I’m sure you’ve gathered by now that I really enjoy reading Lisa Jo’s blog. But, what you may not have thought of yet, is that she inspires me to write more. For those of you who have been telling me for years that I need to write a book, let’s just chalk this up to practice.
I’ve never written everyday, not to mention on one topic. How can I find 31 parts of one subject? I wasn’t even sure I wanted to participate or if I could. I’m not even sure how many people still visit us here. And, is this the right blog to post this?
But, my 31 hit me this morning on my drive into work. And, although, I’m behind one day, I’m going to do my best to write each day. So, today, you get the two for one special.
Thirty-One Things I Don’t Have To Do For Danny Anymore
31. Shave Him
Do you remember this?
This photo was snapped not even three weeks after his injury.
See his eyes half mast, rolling around in his head? They were like that most of the time.
See that neck brace? The only time I could take it off was to shave him. He wore it for seven weeks and even then, couldn’t hold his head up. Like an infant, his head would nod forward or backward.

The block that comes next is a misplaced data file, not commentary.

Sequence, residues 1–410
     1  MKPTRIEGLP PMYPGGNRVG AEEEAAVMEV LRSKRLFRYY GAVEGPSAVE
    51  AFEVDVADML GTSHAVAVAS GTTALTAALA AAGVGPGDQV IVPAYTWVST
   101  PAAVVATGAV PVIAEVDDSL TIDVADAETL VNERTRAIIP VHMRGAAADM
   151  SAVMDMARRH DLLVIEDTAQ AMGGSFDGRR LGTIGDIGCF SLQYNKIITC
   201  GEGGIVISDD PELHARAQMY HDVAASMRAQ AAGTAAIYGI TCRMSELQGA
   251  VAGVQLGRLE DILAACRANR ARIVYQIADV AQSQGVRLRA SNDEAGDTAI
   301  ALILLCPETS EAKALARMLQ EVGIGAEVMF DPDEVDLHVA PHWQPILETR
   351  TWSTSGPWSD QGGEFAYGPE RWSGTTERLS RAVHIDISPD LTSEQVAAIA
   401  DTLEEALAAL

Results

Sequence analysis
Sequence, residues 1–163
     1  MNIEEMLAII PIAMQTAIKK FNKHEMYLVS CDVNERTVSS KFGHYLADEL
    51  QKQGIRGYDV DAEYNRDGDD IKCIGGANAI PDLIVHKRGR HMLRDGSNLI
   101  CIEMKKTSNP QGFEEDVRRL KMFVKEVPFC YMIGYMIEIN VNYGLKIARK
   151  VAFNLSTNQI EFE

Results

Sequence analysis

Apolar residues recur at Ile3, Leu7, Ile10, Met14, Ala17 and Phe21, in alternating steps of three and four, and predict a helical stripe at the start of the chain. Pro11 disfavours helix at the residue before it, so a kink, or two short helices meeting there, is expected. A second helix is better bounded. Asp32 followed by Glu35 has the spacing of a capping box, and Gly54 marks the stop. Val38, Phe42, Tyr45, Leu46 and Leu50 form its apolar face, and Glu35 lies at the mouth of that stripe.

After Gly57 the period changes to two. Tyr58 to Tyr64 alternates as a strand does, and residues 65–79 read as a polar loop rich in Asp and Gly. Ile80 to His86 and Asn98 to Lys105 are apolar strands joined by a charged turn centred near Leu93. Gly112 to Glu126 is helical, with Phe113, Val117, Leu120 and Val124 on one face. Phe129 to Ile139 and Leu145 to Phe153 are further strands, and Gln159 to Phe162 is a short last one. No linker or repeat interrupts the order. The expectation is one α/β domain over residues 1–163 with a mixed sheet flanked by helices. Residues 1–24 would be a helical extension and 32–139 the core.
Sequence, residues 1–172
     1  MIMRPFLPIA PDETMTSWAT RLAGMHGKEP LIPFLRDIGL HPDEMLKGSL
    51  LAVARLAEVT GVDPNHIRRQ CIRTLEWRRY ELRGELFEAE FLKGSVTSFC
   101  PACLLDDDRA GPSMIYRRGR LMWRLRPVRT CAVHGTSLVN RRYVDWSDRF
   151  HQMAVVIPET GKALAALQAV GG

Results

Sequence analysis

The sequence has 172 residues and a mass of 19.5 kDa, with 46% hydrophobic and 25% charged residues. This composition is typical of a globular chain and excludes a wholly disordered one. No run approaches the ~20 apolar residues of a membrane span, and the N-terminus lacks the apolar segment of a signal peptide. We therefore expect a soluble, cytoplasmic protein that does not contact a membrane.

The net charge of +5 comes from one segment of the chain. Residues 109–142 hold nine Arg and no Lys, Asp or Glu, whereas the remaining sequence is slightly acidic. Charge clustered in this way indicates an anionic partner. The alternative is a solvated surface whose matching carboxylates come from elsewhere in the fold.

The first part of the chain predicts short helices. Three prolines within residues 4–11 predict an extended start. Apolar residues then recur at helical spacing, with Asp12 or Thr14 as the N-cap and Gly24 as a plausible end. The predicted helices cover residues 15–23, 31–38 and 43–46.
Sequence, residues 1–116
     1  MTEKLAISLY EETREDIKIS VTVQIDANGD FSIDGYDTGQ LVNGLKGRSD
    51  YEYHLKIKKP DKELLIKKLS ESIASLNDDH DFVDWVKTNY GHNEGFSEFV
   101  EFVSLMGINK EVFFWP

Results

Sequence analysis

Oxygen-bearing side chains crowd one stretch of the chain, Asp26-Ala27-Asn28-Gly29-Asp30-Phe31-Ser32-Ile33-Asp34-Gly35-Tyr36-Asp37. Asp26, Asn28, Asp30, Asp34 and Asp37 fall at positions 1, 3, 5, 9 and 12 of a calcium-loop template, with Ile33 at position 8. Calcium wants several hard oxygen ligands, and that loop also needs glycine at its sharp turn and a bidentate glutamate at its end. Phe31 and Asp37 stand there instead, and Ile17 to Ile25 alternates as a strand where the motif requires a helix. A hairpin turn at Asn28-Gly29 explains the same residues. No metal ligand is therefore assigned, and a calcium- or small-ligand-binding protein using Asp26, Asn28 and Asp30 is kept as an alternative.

Danny’s right fingers were the first to move, then his hand, then his arm. Yet, still, he couldn’t get his fingers to his face and he didn’t have the energy or endurance to shave.
We started with an electric shaver; not his usual choice, but it was easier for him to hold and use. Once he started with the razor, he would still tire easily and could not reach everything. And, when we started shaving his head again, it too was a progressive lesson in endurance and patience.
Now, I’m not even around when he shaves most of the time and sometimes, I find him like this:
30. Wonder if he’s “in” there
See these eyes? He looks lost doesn’t he? Like a deer caught in the headlights? Like the light is on, but nobody’s home?
This photo was taken on a day Danny was discharged from Piedmont Hospital; one of three hospital stays for pneumonia and MRSA in less than two months.
At this time, he still wasn’t talking or even mouthing any words. Every once in awhile, he would whisper something, move his mouth or turn his head. His right hand was waking up and we had to give him something to hold in order to keep him from pulling out his feeding tube, his catheter or his oxygen.
It was like he was being held in the darkness. His body was present, but his spirit was gone, or at least, hidden.
I’d say his spirit has returned! Look at these eyes!
If anything, this exercise will remind me of what we have to be thankful for. When you’re feeling stuck in the muck of your journey, it’s good to turn around and see how much ground you’ve covered.